Statements of Support by Chairman Gary Gensler
I support the final rulemaking to establish position limits for physical commodity derivatives. The CFTC does not set or regulate prices. Rather, the Commission is charged with a significant responsibility to ensure the fair, open and efficient functioning of derivatives markets. Our duty is to protect both market participants and the American public from fraud, manipulation and other abuses.
Position limits have served since the Commodity Exchange Act passed in 1936 as a tool to curb or prevent excessive speculation that may burden interstate commerce.
When the CFTC set position limits in the past, the agency sought to ensure that the markets were made up of a broad group of market participants with no one speculator having an outsize position. At the core of our obligations is promoting market integrity, which the agency has historically interpreted to include ensuring that markets do not become too concentrated.
Position limits help to protect the markets both in times of clear skies and when there is a storm on the horizon. In 1981, the Commission said that “the capacity of any contract market to absorb the establishment and liquidation of large speculative positions in an orderly manner is related to the relative size of such positions, i.e., the capacity of the market is not unlimited.”
In the Dodd-Frank Act, Congress mandated that the CFTC set aggregate position limits for certain physical commodity derivatives. The Dodd-Frank Act broadened the CFTC’s position limits authority to include aggregate position limits on certain swaps and certain linked contracts traded on foreign boards of trade in addition to U.S. futures and options on futures. Congress also narrowed the exemptions traditionally available from position limits by modifying the definition of bona fide hedge transaction, which particularly would affect swap dealers.
Today’s final rule implements these important new provisions. The final rule fulfills the Congressional mandate that we set aggregate position limits that, for the first time, apply to both futures and economically equivalent swaps, as well as linked contracts on foreign boards of trade. The final rule establishes federal position limits in 28 referenced commodities in agricultural, energy and metals markets.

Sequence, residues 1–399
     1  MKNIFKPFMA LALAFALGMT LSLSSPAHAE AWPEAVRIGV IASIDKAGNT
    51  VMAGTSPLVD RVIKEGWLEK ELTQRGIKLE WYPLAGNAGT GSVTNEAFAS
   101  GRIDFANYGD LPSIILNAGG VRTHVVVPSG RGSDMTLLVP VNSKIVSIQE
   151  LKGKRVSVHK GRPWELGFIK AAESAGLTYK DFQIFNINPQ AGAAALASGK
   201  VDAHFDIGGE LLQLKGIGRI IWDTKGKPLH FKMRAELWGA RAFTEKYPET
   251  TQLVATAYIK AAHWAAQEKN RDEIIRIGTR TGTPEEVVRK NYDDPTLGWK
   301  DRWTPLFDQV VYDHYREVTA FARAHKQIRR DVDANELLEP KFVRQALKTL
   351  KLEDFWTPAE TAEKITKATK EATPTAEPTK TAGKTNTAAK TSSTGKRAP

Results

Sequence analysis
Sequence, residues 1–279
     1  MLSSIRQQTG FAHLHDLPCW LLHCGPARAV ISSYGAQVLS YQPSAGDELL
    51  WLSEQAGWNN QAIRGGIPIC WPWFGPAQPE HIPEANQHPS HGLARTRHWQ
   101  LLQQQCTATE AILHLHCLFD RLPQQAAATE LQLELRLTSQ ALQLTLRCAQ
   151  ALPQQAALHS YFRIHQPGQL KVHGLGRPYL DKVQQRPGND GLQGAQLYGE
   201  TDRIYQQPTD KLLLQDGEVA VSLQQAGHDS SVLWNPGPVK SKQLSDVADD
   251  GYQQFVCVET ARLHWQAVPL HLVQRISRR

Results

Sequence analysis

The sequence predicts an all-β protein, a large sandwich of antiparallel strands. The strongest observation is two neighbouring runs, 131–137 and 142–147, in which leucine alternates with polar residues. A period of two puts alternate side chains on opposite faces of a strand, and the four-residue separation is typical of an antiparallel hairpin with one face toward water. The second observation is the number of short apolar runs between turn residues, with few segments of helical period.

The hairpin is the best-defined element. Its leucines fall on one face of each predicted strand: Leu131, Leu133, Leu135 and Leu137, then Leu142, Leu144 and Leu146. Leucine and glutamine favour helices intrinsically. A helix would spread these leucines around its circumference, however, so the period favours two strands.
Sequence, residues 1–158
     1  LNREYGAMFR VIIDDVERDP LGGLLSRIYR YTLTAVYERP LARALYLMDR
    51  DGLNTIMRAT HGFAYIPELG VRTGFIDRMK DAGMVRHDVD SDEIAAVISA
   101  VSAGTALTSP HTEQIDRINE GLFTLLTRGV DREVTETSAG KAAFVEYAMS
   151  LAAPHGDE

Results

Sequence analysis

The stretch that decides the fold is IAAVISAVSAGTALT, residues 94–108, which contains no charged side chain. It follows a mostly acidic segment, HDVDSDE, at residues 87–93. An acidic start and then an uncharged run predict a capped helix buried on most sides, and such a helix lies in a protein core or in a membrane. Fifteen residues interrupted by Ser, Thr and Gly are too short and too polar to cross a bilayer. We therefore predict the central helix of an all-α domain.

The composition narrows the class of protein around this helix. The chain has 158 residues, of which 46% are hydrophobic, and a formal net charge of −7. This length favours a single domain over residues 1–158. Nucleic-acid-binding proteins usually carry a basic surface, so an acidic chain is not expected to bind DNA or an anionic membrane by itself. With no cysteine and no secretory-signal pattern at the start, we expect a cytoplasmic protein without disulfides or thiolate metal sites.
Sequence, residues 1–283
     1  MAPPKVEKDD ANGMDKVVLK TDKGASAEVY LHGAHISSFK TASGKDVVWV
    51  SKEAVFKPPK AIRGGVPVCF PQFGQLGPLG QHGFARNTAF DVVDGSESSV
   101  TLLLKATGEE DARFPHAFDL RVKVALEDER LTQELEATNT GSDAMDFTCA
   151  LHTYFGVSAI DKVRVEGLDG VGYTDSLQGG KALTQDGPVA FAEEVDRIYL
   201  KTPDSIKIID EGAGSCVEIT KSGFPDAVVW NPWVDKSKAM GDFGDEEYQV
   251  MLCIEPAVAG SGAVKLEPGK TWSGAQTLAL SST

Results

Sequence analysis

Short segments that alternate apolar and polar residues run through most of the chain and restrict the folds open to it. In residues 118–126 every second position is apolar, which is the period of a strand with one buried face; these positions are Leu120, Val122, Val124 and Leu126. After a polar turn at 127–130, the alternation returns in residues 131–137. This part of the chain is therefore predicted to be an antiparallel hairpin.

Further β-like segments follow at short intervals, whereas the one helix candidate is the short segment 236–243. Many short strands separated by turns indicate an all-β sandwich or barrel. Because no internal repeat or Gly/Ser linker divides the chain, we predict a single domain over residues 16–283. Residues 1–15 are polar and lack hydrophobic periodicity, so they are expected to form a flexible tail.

Per Congress’s direction, the rule implements one position limits regime for the spot month and another for single-month and all-months combined limits. It implements spot-month limits, which are currently set in agriculture, energy and metals markets, sooner than the single-month or all-months-combined limits. Spot-month limits are set for futures contracts that can by physically settled as well as those swaps and futures that can only be cash-settled. We are seeking additional comment as part of an interim final rule on these spot month limits with regard to cash-settled contracts.
Single-month and all-months-combined limits, which currently are only set for certain agricultural contracts, will be re-established in the energy and metals markets and be extended to certain swaps. These limits will be set using a formula that is consistent with that which the CFTC has used to set position limits for decades. The limits will be set by a Commission order based upon data on the total size of the swaps and futures market collected through the position reporting rule the Commission finalized in July. It is only with the passage and implementation of the Dodd-Frank Act that the Commission now has broad authority to collect data in the swaps market.
The final rule also implements Congress’s direction to narrow exemptions while also ensuring that bona fide hedge exemptions are available for producers and merchants.
The final position limits rulemaking builds on more than two years of significant public input. The Commission benefited from more than 15,100 comments received in response to the January 2011proposal. We first held three public meetings on this issue in the summer of 2009 and got a great deal of input from market participants and the broader public. We also benefited from the more than 8,200 comments we received in response to the January 2010 proposed rulemaking to re-establish position limits in the energy markets. We further benefited from input received from the public after a March 2010 meeting on the metals markets.
Clearinghouse Core Principles
I support the final rulemaking on core principles for derivatives clearing organizations (DCOs). Centralized clearing has been a feature of the U.S. futures markets since the late-19th century. Clearinghouses have functioned both in clear skies and during stormy times – through the Great Depression, numerous bank failures, two world wars, and the 2008 financial crisis – to lower risk to the economy. Importantly, centralized clearing protects banks and their customers from the risk of either party failing.